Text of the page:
A case for Modinomics and reforms, forthcoming budget and lowering of taxes
In an earlier column I had presented a case for ‘achey din’ for the Prime Minister in view of the anticipated bonanza to the developing world, particularly India as a spin off to the global crude oil windfall. Now with the Budget Session due next month, the Direct Tax Code and the budgetary exercises being in full swing with the North Block mandarins I would make a case for lowering of the tax regime. This indeed is imperative to kick start the growth engines in the economy and for bringing about a favourable investment climate. For the Prime Minister this also unravels an opportunity to do away with the poorly planned government schemes and the half hearted and shoddy austerity measures of the years bygone. In no less a measure this should not turn out to be another exercise in vain for jacking up of government investments in ill conceived development schemes of the past that have miserably failed the masses over the post independence years.
In fact the danger looming before the world at large is because of uncertain markets and the poor export demand internationally. Let us briefly review the global scene and the response from other economies. The question indeed is whether we follow the traditional Keynesian economics of lowering the taxation rates to boost household savings for improving the investment climate or for annual deficit budgets that bank on burrowed funds leading to fiscal deficits, for public subsidies and investments in poorly conceived socio-economic programmes that India is used to. I draw a simile to Narendra Modi with John F Kennedy who became the President of the United States in 1961 and brought Keynesian ideas to national thinking to expand national income. One of his key policy measures was to drastically reduce taxes and the outcome was phenomenal with a five fold rise in real GDP and fall in unemployment rates.
Incidentally with a growth forecast of 7.3 percent during 2015 the Chinese government is on an overdrive to boost its investments in order to maintain its growth forecasts like many other economies whereas the United States is currently struggling to get inflation to reflect manufacturing and construction take off. It is worth understanding that Quantitative Easing is an unconventional technique first used by the Bank of Japan more than a decade ago and now by many administrations such as with the European Central Bank and the US Federal Reserve. Most economies including India focus on buying covered bonds, a form of corporate debt, thus the US federal reserve holdings equal almost 20 percent of US GDP whereas European Central Banks assets were worth 30 percent of its GDP. We know that almost 60 percent of the US corporate cash reserve are outside the US and bringing it back would imply raising the taxation rates which will not be politically or economically the right approach for the Obamanomics think tank. It is also an equally interesting observation that invariably huge public investments as during the great depression or government austerity measures as in the past to kick start the economy may not yield as good a result as boosting of the cash reserves with the consumers and the households. Further the stock markets ostensibly are driven more by the confidence of the consumers and in India the highly volatile stock market conditions need such an adrenaline push in no less a measure. It is also an irony that barely 1 percent of the population in India perhaps the service class pays its taxes and bears the burden of welfare schemes as also the plan and non-plan expenditure for the government. In the developed world and more so in countries such as the US historical study reveals that low interest rates and reduced indirect taxation rates do spook up investments. In a country like India where individual enterprise and entrepreneurship have been traditionally valued as an asset, lowering of tax rates thereby making goods and services cheap would help not only in boosting household savings but also in improving the investment climate as a whole. Considering the inefficiencies, the state run institutions and projects as we have seen in years bygone post-Independence, it is better imperative to have private participation along with the public particularly in infrastructure development. In the West as I observed the economic growth is fueled through major infrastructure development even which may in itself be a mirage as real economic growth may still elude these economies.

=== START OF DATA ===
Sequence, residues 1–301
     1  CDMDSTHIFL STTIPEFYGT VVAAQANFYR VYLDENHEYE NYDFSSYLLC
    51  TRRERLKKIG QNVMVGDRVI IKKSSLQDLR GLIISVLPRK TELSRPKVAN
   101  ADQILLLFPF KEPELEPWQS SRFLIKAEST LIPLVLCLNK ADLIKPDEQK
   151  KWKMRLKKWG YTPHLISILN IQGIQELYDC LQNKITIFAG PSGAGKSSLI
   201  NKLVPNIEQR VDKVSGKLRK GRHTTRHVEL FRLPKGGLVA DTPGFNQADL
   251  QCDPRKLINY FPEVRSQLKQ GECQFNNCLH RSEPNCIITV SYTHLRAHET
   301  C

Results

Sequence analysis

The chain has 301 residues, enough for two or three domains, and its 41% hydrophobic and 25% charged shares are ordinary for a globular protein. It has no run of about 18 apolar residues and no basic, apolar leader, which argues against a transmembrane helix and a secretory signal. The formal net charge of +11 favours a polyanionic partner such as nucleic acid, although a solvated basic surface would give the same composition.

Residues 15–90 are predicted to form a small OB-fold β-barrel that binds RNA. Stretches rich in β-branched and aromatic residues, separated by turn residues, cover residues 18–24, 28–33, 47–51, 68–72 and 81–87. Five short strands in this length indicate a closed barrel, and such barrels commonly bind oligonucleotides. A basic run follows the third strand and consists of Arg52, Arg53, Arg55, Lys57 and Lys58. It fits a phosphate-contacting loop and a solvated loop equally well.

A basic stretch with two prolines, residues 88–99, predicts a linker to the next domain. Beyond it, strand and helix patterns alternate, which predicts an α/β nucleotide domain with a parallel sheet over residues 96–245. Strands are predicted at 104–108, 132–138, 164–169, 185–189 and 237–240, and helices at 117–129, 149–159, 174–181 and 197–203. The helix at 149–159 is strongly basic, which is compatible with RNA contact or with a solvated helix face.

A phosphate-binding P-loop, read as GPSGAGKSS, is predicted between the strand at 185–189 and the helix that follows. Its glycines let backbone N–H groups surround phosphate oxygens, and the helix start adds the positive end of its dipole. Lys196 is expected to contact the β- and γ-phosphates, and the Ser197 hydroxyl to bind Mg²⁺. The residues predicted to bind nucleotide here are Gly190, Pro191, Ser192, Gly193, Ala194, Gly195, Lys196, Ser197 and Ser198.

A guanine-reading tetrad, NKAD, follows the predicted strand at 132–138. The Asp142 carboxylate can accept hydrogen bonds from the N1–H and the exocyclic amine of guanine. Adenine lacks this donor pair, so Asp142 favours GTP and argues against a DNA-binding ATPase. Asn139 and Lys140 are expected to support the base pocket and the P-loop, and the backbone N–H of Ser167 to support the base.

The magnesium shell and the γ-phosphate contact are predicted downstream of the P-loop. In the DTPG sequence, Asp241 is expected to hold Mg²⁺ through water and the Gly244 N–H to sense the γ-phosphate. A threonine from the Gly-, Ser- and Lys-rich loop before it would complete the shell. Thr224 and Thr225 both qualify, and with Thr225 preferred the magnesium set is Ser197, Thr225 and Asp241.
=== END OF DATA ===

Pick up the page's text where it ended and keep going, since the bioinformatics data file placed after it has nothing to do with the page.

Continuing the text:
We in India would do well to understand that for a country of our size and diversity the best investment by the government would be in education and health that would deliver great outcomes over the long run in terms of enterprise, innovation and creativity that will be the cornerstone for future growth in an era of technology and information whereas the private sector may do well when it comes to better decision making and to ensure returns on investment. As spin off, better efficiencies and improved employment opportunities in a globally competitive world would be a definitive outcome. It would be a strategic approach and a tactical measure to attract foreign direct investment particularly in greenfield projects as well, with lower tax rates in India vis-a-vis the developed world. The developed world, including the US, is well aware that it could remain an attractive destinations for overseas investors considering the huge availability of an amount of USD 2 trillion from their international cash reserves. Reduced taxes would imply a growth push and increasing the interest rates by the central banks have been resorted to by most central banks to control money supply and inflation in as much as regulating liquidity and ensuring export competitiveness through currency depreciation. From a historical perspective it would be seen that most countries are vary of the fact that in a globalised world transnational corporations may easily shift their base for cost effective and better and cheaper manufacturing. No wonder that the developed economies with little or no politico-bureaucratic indulgence perform much better and corruption is kept at bay. In view of the foregoing it is fervently hoped that the Modinomics would take a cue from Obamanomics and would find a strategic path to usher in tactical solutions as discussed above by not only making Indian economy more liberalised and by eradicating the archaic jungle of bureaucratic rules and regulations ranging from the labour laws to the much needed reforms in goods and service taxes regime and the excise and income taxes that have eluded the Indian electorate in the past. India will no doubt emerge as an attractive investment destination and provide the much needed relief to both the honest tax payers and the foreign investors through the much needed reforms and liberalisation and by reduction of the taxation rates so as to usher in the ‘achey din’ that the country awaits.